Easily the worst game on this list, but there was no way the child in me could have a list of games that hold a place in my heart without including this. I don’t remember too much about its gameplay (aside from building tracks and racing other trains), but I remember playing it a lot as a child as I was a huge Thomas the Tank Engine fan.

8 – LMA Manager 2005 (2004, PlayStation 2)

LMA Manager 2005

As a huge football fan (with tattoos to boot), it is quite surprising to me that no FIFA game really stands out in my heart. FIFA 2003 is probably the closest, as it was the first version I played with a friend. But of a football game in general, LMA Manager 2005 wins hands down. From dominating with Liverpool (and nurturing what was then an unknown Vincent Kompany), rising from the bottom to the top with Leigh RMI (who went extinct not long afterwards) to continuous journeys with one team after another. Crewe, Norwich and Cambridge are others who benefitted from my magic (and a relatively easy game). And my love of management games continues to this day with Football Manager, but you always remember your first.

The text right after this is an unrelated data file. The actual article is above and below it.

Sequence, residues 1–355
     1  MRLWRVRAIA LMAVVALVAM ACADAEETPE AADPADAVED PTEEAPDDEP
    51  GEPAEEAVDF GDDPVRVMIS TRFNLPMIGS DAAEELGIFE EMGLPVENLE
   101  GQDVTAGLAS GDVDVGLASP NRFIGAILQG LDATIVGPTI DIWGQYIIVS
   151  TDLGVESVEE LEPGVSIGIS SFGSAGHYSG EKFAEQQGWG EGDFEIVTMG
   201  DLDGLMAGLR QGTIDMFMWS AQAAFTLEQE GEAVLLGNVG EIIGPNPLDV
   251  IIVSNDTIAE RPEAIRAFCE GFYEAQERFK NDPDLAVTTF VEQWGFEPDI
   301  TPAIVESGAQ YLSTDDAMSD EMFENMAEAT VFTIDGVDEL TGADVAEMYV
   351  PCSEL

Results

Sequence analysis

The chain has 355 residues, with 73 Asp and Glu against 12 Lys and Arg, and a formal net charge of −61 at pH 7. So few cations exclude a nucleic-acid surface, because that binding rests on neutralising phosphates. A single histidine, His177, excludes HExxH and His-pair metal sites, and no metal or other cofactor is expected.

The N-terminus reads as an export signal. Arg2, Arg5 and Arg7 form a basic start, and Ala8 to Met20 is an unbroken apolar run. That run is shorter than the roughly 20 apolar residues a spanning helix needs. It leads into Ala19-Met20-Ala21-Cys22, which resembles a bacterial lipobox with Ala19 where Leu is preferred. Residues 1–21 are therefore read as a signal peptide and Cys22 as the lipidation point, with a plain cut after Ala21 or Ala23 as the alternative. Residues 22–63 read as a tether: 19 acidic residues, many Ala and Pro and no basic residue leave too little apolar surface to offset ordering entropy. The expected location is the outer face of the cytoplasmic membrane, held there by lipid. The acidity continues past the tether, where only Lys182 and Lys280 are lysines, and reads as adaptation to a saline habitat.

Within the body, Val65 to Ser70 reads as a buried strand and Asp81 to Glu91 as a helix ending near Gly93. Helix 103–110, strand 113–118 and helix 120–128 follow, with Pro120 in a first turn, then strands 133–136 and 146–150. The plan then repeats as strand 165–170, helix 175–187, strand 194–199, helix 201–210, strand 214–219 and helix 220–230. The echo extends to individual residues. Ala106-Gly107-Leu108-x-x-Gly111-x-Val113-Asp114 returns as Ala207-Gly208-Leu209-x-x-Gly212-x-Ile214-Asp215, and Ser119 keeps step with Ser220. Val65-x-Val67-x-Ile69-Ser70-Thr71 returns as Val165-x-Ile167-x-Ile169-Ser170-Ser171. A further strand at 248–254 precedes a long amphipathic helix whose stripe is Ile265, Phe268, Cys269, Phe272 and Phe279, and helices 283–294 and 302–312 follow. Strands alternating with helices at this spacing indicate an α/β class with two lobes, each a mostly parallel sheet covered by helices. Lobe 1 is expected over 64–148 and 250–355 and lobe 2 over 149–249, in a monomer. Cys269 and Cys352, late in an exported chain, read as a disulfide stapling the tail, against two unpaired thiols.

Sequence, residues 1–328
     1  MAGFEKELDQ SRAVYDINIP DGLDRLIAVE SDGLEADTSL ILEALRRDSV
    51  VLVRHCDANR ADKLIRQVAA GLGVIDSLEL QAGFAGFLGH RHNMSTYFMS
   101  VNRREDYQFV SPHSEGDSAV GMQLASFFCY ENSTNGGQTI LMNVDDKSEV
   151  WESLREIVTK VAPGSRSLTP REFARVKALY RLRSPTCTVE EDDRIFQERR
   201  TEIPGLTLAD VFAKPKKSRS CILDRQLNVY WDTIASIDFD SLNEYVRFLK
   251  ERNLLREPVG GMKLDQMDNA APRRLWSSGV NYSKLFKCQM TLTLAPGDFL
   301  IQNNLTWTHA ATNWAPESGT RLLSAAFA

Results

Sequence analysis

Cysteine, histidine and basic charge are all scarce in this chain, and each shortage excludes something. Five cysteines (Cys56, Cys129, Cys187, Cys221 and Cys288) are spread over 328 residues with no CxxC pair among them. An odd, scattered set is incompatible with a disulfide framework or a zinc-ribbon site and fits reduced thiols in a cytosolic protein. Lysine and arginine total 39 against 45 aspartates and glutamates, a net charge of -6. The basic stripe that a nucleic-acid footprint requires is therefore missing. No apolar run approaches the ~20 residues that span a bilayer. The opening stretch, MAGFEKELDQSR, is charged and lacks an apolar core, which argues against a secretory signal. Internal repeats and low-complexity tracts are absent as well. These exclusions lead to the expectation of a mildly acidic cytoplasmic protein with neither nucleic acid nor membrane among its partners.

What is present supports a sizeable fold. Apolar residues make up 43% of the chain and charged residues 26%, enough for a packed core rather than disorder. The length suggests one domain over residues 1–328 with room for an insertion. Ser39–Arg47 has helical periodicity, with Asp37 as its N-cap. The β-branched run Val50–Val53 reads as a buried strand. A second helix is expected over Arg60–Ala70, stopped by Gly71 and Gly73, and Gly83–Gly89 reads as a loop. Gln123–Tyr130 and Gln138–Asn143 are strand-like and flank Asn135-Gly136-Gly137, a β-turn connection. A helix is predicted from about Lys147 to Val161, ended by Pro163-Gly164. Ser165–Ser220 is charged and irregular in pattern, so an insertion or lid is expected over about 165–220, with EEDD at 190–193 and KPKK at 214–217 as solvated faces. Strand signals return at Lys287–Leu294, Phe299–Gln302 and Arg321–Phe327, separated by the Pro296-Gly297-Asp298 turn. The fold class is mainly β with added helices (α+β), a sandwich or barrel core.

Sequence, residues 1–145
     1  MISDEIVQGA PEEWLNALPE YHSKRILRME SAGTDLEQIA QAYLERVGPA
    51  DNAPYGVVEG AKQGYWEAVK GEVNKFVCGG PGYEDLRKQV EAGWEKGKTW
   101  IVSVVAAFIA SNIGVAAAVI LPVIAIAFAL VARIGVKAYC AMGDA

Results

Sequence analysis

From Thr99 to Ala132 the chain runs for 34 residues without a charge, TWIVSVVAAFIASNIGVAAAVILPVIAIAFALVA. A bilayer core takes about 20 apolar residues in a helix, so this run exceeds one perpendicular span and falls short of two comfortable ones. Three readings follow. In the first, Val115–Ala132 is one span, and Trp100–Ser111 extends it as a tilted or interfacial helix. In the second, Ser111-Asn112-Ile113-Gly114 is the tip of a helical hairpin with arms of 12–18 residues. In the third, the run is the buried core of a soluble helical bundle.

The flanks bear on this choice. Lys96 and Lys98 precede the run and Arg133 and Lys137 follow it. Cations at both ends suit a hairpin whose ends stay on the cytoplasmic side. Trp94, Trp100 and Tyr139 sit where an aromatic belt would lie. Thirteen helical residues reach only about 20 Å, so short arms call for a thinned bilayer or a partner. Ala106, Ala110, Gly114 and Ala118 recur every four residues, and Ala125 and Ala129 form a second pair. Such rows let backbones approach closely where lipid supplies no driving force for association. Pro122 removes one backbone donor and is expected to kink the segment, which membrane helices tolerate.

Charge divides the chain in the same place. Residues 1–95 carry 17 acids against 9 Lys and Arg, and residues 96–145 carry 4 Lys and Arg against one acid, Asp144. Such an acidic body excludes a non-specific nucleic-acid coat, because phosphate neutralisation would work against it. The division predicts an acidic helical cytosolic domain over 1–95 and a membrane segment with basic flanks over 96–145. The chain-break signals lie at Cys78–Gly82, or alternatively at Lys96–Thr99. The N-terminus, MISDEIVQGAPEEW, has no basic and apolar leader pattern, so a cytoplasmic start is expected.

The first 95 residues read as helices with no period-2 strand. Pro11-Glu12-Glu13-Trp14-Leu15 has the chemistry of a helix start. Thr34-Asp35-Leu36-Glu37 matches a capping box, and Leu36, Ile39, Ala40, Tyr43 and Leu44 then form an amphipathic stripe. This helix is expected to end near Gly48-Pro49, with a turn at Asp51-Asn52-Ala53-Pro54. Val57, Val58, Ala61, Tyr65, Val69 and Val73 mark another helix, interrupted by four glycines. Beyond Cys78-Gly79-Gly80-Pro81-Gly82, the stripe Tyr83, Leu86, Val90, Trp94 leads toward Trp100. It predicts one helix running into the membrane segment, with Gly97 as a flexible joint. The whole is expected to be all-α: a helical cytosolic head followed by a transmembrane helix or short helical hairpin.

7 – Halo 3 (2007, Xbox 360)/Super Smash Bros. Brawl (2008, Nintendo Wii)/Mario Kart Wii (2008, Nintendo Wii)

Games

Remember that episode of The Big Bang Theory where it’s revealed that Sheldon and the gang have a weekly Halo night? Yeah, we did that, too. What started out as a couple of games of Halo 3 became a weekly ritual which morphed over the years from Halo to Super Smash Bros. to Mario Kart to a variety of games and sequels. And the only thing that stayed true all those years was the pizza. I can’t think of one of these games without thinking back upon those pizza nights and how much fun they all were. Plus, I bossed most of the games (although my gung-ho strategy never quite worked on Halo 3 where the idea is to be more stealthy with your approach).